Did You Know?

  • that Vodafone New Zealand are embarking on trials of a
    new technology called General Packet Radio Service. This technology will
    allow mobile phones to communicate at a rate of 300Kb per second, over 30
    times the current speed, allowing for high speed internet connections via
    mobile phone and multimedia content such as videophone.
  • that Britain is expected to approve the cloning of
    human embryos for medical research, which could allow scientists to create
    spare parts for the body. A panel of experts has decided the potential
    benefits outweigh ethical objections.
  • that Applied Digital Solutions, patent holder of the
    Digital Angel (see page 12), is America's 5th fastest growing
    technology company. Although Internet companies represent only 9% of the
    1999 Fast 500 list, three of the top five revenue-earners, Excite@Home,
    Netscape and EarthLink Networks, are leading Internet players. Siebel
    Systems and Applied Digital Solutions, the other two companies
    rounding out the top five, consider the Internet to be a central factor in
    their future growth.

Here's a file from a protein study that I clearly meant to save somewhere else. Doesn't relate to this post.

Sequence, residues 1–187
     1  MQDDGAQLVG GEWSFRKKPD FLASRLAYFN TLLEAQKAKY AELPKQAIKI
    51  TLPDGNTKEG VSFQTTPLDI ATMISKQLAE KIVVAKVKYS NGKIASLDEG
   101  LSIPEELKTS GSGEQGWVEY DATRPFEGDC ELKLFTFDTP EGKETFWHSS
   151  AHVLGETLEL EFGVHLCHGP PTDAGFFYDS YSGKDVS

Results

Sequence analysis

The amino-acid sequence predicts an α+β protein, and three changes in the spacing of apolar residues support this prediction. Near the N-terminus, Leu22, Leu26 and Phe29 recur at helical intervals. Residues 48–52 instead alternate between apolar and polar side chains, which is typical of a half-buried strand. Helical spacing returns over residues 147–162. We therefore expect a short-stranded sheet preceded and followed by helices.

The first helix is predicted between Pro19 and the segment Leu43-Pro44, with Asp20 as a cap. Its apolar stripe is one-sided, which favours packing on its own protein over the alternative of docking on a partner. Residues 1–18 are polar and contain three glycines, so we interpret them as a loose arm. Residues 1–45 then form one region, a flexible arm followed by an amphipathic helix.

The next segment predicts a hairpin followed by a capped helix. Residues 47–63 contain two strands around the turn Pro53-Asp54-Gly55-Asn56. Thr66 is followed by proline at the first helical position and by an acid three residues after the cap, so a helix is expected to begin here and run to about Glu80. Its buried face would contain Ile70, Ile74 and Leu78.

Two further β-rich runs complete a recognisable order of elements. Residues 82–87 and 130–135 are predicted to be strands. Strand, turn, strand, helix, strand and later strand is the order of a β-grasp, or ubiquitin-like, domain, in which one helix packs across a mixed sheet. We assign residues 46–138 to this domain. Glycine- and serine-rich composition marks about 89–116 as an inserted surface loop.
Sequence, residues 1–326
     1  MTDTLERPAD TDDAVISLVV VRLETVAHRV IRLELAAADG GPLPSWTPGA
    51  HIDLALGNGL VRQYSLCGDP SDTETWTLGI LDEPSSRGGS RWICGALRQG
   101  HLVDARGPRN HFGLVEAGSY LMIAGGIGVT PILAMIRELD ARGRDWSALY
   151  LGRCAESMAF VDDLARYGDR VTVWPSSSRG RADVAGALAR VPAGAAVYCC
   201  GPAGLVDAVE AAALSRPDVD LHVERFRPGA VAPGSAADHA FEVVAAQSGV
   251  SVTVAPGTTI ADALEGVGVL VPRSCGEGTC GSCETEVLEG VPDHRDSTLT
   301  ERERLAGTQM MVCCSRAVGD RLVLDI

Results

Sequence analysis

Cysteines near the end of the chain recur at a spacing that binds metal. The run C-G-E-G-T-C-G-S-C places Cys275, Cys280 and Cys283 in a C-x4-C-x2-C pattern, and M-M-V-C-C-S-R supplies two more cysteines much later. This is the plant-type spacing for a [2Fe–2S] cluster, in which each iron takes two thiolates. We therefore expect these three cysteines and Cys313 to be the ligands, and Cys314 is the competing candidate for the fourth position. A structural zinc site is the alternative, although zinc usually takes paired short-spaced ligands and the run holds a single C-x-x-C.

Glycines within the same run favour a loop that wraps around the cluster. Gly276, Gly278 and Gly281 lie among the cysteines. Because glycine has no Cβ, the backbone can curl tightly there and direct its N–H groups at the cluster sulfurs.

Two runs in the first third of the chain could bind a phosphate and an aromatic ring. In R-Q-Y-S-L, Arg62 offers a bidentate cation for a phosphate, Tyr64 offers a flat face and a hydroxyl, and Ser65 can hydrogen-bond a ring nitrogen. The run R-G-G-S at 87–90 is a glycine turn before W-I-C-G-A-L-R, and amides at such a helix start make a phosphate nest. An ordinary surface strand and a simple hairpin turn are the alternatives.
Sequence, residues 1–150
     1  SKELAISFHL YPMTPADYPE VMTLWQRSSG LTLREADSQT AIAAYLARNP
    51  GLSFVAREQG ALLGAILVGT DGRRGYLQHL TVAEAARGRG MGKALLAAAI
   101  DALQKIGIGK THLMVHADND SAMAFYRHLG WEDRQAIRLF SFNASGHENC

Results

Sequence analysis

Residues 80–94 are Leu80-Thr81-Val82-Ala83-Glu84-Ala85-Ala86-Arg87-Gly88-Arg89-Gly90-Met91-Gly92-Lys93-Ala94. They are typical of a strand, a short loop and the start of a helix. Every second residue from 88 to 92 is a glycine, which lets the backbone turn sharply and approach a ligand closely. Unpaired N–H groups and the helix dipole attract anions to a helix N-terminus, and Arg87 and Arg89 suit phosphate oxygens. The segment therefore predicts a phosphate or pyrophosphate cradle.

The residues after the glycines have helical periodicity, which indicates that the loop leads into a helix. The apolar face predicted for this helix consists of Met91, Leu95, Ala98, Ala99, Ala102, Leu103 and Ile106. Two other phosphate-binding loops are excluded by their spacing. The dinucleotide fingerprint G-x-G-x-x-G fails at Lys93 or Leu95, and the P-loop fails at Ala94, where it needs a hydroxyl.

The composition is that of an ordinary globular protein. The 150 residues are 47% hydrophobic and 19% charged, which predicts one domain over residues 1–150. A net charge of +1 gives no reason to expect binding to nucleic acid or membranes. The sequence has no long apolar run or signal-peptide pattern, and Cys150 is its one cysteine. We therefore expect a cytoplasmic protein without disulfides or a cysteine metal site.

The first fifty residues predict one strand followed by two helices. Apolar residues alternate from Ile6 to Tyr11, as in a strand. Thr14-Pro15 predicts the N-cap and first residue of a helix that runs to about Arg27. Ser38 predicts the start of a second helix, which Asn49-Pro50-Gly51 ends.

• that U.K. chemists have taken a step closer to building
    a supercomputer that might pack the power of a million silicon chips into
    a wrist-watch sized device and work a hundred times faster. Prasanna de
    Silva and Nathan McClenaghan at Queen's University Belfast report linking
    many molecules that switch on and off, giving out tiny bursts of light
    that can be used to do addition. De Silva's molecules act as logic gates,
    the fundamental building blocks of computers that make all the decisions
    on each bit of information that passes through them.
  • that Japan has slapped export controls on Sony's new
    video game console, Playstation2, because the machine is so sophisticated
    it could be used for military purposes. The game console has been
    designated as "general-purpose products related to conventional
    weapons'', because it contains components that could be used for military
    devices such as missile guidance systems.
  • that governments in Tokyo and Japan are planning to
    test a device that allows tracking of old people unable to take care of
    themselves. The transmitter is attached to the body and makes use of
    satellite-based global positioning systems and cellular phone networks.
    Concerned relatives need only send a request by a portable terminal and up
    pops the runaway's location on a computerised map.